The Ishafal’s frenzied struggle weakened, and his flailing limbs slowed, until finally he stilled. Dagon held his hand to the back of the man’s neck for a moment longer.

‘He is dead, Dagon. Will you kill them all?’

His breath came in short gasps as he released the dead Ishafal, and he rocked back on his heels in the mud and the water. Mud covered him from ankle to thigh, and all across his cloak and breeches and sleeveless vest. More splattered his heaving chest. ‘If I must. How many?’

‘Fifty, at least. I feel them coming. They’ll be here soon. A few minutes, perhaps. He was only a scout. You cannot win, Dagon.’

He stared at her, broken by the truth in her words. To fight fifty was impossible. Fifty, together, would overwhelm Annael’s protections. Willingly, he’d turn his blade against himself at their instruction.

‘There must be another way.’ The words dropped from his lips with the implacable weight of a boulder, though he knew there wasn’t. 

* * * 

Check back on April 29 for the conclusion to Love Enough.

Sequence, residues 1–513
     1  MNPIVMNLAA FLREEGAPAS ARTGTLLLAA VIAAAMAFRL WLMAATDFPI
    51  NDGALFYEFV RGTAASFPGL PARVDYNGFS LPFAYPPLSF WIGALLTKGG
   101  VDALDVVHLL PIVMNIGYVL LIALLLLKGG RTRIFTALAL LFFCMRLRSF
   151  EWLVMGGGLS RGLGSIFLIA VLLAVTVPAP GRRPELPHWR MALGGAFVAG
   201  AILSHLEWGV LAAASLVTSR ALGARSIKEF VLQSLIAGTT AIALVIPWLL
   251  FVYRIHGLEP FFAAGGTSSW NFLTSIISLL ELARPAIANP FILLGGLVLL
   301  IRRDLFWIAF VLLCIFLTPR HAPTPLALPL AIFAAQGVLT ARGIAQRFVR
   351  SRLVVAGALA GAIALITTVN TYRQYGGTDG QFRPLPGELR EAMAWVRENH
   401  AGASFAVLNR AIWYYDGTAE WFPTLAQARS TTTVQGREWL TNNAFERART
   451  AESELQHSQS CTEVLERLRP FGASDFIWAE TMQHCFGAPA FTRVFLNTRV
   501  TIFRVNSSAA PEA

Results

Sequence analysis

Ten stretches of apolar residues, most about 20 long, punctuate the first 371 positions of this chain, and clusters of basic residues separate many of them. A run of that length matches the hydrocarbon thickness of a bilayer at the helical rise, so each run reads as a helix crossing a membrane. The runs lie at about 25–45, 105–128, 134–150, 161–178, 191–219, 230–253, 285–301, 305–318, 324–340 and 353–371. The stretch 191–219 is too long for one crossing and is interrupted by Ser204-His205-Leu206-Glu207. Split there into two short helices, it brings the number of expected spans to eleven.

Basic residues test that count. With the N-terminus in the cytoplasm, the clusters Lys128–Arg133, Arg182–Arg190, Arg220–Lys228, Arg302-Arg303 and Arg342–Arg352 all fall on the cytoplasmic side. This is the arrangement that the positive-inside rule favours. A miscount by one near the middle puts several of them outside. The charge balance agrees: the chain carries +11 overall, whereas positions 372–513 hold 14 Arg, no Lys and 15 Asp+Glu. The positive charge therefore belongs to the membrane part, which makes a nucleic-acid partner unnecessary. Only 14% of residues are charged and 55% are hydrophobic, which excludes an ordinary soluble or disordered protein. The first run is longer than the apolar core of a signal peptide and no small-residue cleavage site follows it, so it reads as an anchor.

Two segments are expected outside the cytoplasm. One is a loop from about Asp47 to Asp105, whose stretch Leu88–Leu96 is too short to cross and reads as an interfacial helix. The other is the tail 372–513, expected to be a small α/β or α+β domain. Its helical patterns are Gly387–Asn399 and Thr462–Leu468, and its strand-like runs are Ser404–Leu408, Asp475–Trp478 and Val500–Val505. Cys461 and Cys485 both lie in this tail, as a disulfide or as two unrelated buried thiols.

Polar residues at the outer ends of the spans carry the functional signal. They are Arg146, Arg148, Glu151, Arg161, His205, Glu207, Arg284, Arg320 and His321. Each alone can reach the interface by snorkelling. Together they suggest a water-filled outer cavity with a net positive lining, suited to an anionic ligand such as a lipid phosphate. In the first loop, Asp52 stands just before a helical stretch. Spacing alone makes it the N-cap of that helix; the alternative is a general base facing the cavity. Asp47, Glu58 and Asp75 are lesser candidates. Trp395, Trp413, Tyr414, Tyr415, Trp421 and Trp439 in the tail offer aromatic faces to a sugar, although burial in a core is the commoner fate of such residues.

**AUTHOR’S NOTE: This fiction piece is part of the A to Z Blogging Challenge and has not been to an editor.**

 If you enjoyed this post, please feel free to check out my previous posts if you haven’t already. If you’re finding yourself here often, you might like to join as a member, sign up to the blog through RSS or email, or sign-up to my newsletter. Check out my March Newsletter if you missed it.

Don’t forget to share the love and spread the word on Twitter, Facebook or StumbleUpon (or other social networking site of your choice) if you know other people who might also enjoy this.

Thanks for stopping by and visiting!

Protestations: Love Enough (Part 1) – Free Fantasy Fiction



Welcome to the first part of the second piece of fiction I’ll be posting this A to Z Challenge. This one is unusual – I’m not even sure it constitutes a complete story – but I’m sharing it with you as an interest piece, a perhaps not entirely successful experiment, that despite that has been popular with a number of readers.